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Overview

In response to COVID-19, the University of Sydney has reviewed the availability of courses to be delivered remotely for students commencing their studies in Semester 1, 2021.

This course will be available to study remotely for students commencing in Semester 1, 2021. Please note that some units of study that are not essential to completing the degree may not be available to be studied remotely.

Note: The University intends to offer as many units of study as possible in a remote as well as face-to-face learning method of delivery in Semester 1, 2021 and subject to ongoing border closures and public health orders impacting attendance on campus, in Semester 2, 2021. However, some units of study and courses require students to study in-person at the relevant University of Sydney campus/es and host locations for placements and will not be available remotely. 

About this course

The Master of Heritage Conservation allows you to develop specific skills in assessment, interpretation, management, formulation of policy, and documentation of culturally significant places "including buildings, sites and cultural landscapes. You will be introduced to methods and practices of conservation, designing and building new buildings in old settings, and the history, theory, law and policy of this unique area. 

This exciting field of study is much more than just the simple preservation of existing buildings. Instead, by engaging with history, your role is to provide value to building owners, visitors and cultural bodies, all of which have a shared interest in understanding, adapting and preserving our heritage.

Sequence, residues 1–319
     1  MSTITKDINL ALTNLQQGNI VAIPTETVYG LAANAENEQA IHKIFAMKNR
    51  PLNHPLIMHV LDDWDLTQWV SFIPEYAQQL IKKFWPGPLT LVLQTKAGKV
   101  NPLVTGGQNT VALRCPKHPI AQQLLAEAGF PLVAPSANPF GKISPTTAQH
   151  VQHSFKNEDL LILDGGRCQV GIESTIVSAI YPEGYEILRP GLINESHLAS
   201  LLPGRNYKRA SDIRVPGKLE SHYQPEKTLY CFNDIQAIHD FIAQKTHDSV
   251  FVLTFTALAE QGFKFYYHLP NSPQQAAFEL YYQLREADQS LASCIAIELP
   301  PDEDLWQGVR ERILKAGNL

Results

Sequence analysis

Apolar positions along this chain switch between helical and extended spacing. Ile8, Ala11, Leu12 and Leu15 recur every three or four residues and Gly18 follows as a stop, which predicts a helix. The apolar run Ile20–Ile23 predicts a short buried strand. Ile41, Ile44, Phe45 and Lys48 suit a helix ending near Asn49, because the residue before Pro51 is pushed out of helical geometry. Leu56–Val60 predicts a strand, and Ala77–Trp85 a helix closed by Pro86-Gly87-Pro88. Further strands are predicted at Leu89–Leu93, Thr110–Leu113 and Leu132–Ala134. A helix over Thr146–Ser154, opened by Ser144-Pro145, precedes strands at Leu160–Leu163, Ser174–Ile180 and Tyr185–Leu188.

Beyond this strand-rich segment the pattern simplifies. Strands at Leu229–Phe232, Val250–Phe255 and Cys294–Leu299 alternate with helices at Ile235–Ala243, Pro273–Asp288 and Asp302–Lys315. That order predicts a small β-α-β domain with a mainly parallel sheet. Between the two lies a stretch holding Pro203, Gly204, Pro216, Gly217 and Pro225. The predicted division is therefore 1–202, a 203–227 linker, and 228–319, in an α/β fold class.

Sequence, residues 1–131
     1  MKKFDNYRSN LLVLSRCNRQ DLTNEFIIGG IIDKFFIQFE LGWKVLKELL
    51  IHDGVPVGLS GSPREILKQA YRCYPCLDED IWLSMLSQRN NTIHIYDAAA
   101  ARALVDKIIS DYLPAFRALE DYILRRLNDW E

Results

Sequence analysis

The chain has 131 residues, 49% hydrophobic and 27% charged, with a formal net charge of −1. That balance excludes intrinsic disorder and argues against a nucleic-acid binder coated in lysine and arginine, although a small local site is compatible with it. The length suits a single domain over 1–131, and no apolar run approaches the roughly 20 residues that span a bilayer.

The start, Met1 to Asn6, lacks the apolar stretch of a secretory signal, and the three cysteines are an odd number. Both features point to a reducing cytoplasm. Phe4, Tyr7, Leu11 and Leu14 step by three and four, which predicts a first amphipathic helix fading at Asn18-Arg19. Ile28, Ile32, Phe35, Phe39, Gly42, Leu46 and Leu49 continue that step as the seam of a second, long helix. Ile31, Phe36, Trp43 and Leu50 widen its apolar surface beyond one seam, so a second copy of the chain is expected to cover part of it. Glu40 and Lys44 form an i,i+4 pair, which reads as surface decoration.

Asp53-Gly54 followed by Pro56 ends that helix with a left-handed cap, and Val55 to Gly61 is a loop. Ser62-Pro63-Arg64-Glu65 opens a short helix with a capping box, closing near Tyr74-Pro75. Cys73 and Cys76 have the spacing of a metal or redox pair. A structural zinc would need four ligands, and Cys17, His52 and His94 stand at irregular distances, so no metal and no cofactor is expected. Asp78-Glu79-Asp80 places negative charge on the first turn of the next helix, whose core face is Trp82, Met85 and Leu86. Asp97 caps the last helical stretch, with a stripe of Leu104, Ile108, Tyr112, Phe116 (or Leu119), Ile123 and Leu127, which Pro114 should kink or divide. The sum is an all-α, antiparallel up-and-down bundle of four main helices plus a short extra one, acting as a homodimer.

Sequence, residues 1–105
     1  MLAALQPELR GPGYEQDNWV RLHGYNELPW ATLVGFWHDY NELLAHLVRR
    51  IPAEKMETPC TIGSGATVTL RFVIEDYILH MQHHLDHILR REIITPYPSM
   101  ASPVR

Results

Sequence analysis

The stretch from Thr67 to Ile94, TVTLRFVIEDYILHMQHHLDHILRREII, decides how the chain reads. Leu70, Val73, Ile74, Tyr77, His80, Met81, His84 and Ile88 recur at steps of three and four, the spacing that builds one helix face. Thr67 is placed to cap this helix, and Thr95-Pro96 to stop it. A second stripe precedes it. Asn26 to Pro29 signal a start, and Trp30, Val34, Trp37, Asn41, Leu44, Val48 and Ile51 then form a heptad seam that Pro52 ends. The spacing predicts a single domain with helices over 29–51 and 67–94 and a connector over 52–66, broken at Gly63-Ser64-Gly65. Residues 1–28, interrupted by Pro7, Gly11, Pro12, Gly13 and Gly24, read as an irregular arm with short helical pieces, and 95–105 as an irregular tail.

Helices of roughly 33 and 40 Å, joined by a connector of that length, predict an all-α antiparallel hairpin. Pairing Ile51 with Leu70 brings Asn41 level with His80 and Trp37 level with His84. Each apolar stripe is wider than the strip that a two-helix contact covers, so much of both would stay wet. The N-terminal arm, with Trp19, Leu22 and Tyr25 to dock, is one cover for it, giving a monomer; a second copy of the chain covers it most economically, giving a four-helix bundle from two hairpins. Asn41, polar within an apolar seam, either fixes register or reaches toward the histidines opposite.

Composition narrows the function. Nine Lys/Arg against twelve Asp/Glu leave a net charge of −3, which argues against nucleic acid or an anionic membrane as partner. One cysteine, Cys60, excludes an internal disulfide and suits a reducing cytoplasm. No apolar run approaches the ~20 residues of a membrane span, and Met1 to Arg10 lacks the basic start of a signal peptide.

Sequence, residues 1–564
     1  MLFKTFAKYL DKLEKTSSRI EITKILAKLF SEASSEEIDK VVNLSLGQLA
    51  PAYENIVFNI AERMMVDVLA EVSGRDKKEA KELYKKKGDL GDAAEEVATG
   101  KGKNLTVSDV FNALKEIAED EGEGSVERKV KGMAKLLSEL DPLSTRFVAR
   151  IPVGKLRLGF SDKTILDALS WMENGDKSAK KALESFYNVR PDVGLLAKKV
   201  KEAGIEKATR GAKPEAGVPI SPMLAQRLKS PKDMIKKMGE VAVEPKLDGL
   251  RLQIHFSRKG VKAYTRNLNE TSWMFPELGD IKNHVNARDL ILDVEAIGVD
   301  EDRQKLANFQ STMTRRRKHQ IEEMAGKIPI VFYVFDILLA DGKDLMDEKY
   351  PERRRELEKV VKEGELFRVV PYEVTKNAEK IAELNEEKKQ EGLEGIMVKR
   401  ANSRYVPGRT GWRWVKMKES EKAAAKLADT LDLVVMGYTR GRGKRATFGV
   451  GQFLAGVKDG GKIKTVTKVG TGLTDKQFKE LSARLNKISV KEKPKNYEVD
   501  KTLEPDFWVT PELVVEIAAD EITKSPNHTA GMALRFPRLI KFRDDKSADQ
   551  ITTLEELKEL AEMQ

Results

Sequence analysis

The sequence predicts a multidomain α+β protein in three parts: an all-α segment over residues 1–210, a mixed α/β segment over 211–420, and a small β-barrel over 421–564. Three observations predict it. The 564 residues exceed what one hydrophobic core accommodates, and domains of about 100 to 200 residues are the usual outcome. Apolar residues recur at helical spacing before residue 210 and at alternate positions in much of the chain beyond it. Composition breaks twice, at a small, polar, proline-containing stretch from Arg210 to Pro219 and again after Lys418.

Heritage Conservation teaches you the techniques, approaches and methodologies required to work as a heritage consultant in policy development, regulation enforcement or as a cultural historian and commentator. Through this program you will understand the social value and embedded capital of significant sites and determine what should be preserved for future generations. Your degree in Heritage Conservation allows you to draw on our School’s extensive history in this profession, being the first university in the Asia-Pacific region to offer a program in Heritage Conservation.

This program combines the technical and aesthetic principles of architecture and architectural history with the social value of our past. You will be educated in the use of new and old material, alteration design, additions and modifications to existing buildings, and the sustainable, ethical and equitable development of sites in light of its past uses. Your core program emphasises the skills required for work with valuable heritage sites. These skills include the assessment, interpretation, management, documentation and formation of policy for culturally significant places, including buildings, sites and cultural landscapes. These core skills are taught by focusing on the duality of historic buildings their construction (in terms of design and materials) and significance (culturally, historically, economically and socially). From this dual understanding, you will be trained to develop policy that reflects the importance of all aspects of a significant building.